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Carlow County - Ireland Genealogical Projects (IGP TM)

"The Cut of Killeshin"

Co Laois

From Sir Charles Coote's, in his Statistical Survey of the Queen's County 1801.

Bridges and roads in this barony are the worst in the county, or, I believe, in the Province. The whole road-tax raised in the barony is always expended on the colliery road. Enormous as this tax is, it is not half-sufficient to keep this road in repair, and (therefore) every other road in the barony is neglected. A turnpike road would certainly produce a revenue equal to any sum required to keep it in the best possible repair.

One thousand five hundred cars have been counted in one day, passing on the Cooper-hill road. From Carlow to Doonane a road might be made three miles shorter than the present one. The carrier, for two pence per day toll, could make two journeys from the low collieries to Carlow, instead of one, (but) a stranger viewing the road in its present state, must suppose that the cost of the entire load would be too little to defray the cost of carriage alone.

A remarkable place, called "The Cut of  Killeshin" about three miles from Carlow, is perhaps as great ill artificial curiosity as can be produced in this or any other county. This pass runs through a lofty hill for about half-a-mile in length, and is from ten to forty feet deep, according to the ascent of the ground. It is only four feet four inches wide, cut-through the solid quarry, and so narrow that the car has barely room to pass, the wheels scraping either side of the rock, and were the axle-tree but half-an-inch wider than four feet four inches, it never could pass through. This extraordinary excavation has been reduced to its present great depth in the short space of thirty years, as at that period such another cut was abandoned, and this new road given to the colliers by the late Mr. Fitzmaurice.  The carrier, as he approaches the gap, hallows loudly, to prevent a meeting, which sometimes occurs, in which case the driver must back out his horse over the roughest, worst possible road, which all their horses are used to. It often occurs that drivers, being drunk, omit to hallow, and a battle surely takes place, when the vanquished gives the way.16

Note:  In recent years the Cut has been widened by the Co. Council in order that two cars may pass.
A section of an 1898 map of  Queens County showing the approximate location of the Cut of Killeshin.
Map supplied by Peter Walker.
This picture taken recently by Peter Walker in 2010 shows only a part of what used to be known as the Cut of Killeshin.
Most of the original road has long disappeared'

In England, market forces operated, so that coal was raised only to meet demand. Introduction of the "English method" began with the Lordship Collieries at Castlecomer and proved a source of bitter conflict. Shutting down the entire operation for a period during 1831. With the consolidation of mining interests, the disappearance of the middleman and the introduction of better techniques mechanisation began to make progress, and the struggle to improve the miner's lot began.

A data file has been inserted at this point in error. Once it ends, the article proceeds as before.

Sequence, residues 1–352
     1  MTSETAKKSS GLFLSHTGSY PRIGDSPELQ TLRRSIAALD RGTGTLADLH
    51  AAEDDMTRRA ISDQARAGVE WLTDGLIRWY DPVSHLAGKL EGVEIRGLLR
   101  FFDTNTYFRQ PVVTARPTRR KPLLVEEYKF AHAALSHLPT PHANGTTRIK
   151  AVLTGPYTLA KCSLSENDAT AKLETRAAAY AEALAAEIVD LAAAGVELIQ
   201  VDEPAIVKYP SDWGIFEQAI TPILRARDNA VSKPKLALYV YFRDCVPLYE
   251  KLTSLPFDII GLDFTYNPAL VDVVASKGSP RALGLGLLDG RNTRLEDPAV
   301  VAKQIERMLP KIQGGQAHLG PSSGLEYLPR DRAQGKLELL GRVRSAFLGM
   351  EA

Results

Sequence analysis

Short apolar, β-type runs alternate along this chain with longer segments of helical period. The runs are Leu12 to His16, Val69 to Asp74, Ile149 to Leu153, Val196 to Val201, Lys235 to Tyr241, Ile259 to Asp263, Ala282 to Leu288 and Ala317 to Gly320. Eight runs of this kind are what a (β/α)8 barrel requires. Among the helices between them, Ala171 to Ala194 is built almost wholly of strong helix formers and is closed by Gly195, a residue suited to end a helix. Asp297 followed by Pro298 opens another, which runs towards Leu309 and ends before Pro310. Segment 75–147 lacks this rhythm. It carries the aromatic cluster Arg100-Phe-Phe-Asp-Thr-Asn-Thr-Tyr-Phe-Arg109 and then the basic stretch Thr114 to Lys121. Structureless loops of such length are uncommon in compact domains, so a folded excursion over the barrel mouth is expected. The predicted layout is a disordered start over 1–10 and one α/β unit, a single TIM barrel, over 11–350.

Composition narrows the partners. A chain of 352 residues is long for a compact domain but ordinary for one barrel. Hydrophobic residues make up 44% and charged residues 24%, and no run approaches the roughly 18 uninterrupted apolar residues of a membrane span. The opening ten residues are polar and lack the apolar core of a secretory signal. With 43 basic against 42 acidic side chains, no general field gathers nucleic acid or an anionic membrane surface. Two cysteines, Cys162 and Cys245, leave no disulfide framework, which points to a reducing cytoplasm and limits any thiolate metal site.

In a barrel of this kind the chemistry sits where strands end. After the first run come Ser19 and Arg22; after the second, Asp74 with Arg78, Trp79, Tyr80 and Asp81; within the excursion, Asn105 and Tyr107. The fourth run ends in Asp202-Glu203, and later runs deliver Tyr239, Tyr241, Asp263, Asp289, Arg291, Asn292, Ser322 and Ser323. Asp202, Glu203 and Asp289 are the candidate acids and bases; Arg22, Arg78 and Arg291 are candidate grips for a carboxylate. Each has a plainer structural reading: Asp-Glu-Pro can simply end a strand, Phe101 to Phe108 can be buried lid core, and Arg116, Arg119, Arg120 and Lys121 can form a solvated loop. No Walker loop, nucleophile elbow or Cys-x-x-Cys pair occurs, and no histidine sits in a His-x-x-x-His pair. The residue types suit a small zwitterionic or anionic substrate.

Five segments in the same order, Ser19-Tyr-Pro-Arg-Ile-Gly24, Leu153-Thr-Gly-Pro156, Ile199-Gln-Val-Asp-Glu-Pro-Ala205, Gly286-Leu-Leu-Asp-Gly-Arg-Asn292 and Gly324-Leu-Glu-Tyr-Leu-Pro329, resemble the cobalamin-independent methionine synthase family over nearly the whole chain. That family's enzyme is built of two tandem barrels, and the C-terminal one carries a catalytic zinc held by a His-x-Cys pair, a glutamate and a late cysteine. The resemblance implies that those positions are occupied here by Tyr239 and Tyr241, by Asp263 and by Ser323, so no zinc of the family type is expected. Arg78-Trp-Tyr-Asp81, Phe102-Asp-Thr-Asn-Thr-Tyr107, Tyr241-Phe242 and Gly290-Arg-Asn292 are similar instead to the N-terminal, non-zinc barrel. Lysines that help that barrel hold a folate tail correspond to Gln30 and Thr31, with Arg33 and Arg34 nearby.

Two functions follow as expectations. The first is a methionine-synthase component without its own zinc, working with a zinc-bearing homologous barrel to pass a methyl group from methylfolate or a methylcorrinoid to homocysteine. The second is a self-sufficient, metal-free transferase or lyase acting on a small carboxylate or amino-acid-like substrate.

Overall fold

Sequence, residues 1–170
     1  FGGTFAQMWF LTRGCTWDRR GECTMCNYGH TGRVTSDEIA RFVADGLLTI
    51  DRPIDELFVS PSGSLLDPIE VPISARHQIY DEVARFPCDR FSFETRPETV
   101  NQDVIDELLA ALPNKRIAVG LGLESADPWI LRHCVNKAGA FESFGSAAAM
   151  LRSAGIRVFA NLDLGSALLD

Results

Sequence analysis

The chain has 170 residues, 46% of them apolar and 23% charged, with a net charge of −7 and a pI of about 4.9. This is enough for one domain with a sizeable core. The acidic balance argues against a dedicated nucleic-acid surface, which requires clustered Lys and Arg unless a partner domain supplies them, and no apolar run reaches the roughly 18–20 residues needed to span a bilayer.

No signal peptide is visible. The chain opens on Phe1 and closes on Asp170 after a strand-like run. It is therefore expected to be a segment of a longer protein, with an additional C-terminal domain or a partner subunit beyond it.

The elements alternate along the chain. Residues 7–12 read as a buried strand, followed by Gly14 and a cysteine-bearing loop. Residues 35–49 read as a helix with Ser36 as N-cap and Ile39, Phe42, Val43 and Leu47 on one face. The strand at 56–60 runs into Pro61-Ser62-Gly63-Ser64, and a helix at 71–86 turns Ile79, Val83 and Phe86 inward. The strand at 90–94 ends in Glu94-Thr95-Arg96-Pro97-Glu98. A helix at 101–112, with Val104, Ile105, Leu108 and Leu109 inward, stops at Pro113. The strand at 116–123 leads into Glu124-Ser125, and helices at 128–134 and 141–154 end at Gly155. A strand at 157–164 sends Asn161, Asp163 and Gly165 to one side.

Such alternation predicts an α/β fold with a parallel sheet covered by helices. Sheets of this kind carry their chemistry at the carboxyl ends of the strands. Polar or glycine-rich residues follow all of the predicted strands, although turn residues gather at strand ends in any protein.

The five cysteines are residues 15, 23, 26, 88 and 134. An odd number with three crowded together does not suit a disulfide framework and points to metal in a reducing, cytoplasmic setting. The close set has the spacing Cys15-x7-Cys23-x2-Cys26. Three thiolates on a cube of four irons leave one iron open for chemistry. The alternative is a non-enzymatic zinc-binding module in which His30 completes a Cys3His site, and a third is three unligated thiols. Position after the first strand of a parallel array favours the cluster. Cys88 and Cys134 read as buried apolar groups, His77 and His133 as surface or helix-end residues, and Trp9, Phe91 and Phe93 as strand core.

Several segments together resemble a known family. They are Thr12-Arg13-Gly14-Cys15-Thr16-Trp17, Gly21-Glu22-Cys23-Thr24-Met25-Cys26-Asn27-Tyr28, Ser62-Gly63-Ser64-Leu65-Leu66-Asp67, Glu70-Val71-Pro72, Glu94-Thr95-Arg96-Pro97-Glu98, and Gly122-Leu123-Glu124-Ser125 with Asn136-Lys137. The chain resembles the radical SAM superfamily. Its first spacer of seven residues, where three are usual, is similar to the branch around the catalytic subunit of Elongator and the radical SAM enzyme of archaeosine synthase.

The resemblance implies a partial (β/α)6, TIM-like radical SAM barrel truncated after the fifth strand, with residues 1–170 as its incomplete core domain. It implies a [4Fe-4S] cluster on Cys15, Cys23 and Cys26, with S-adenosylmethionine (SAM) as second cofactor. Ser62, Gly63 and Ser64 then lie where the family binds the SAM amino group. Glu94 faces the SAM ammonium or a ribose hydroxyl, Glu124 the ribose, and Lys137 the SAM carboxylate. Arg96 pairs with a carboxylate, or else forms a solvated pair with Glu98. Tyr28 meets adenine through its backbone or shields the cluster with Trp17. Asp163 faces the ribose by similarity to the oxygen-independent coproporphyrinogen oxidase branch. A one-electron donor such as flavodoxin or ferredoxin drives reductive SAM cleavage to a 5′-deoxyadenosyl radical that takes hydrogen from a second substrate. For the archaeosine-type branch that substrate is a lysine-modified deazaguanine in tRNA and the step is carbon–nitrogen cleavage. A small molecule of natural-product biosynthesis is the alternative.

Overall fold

We have already quoted Jacob on the value of the three-foot seam and the unfortunately wasteful manner in which it was worked. The Contact article which mentioned the Dromagh mines tells us that the coal mined there was "the Newtown three-foot" and that it was highly valued for its heating quality and its low sulphur content; Apparently it was extensively used by the hand-forgers of the day and so keenly sought after that it might have monopolised the Irish market. So superior was it considered to be to the best Welsh and English coal, that its value was estimated at three guineas the cubic yard. At the time, the early nineteenth century, output at the Doonane, Newtown and Dromagh mines was so great that as many as nine hundred coal carts per week used the Killeshin road on their way to the market at Carlow. In that town what is now Kennedy Street was then the Coal market. another instance, where a Local Authority discarded its sense of: history in favour of transient sentiment!

Transport was a major difficulty over terrain so rough as ours, with all the bigger markets outside our saucer's rim. As may be imagined so much heavily-laden traffic worked havoc on the road system, so that at times the ruts on the Carlow road went as deep as two feet, becoming elongated pot-holes, dangerous to foot, wheel and axle-tree.

16. Coote, op. cit., pp. 185 & 192-193.

From "Beneath Slievemargy's Brow", a book by Brother Linus Walker who was born Tourtane in the parish of Clough, Co. Kilkenny, in 1930. He entered the Patrician Brothers in 1944 and after forty- three years in the classroom took up parochial work in the diocese of Kildare and Leighlin. Previous books dealt with the work of his Congregation and with historical and religious topics

"Beneath Slievemargy's Brow" ISBN 0 86335 042 9 The Leinster Express price €12.70

(Special thanks to "Carloman" & Peter Walker for their contributions)

Killeshin Round Tower

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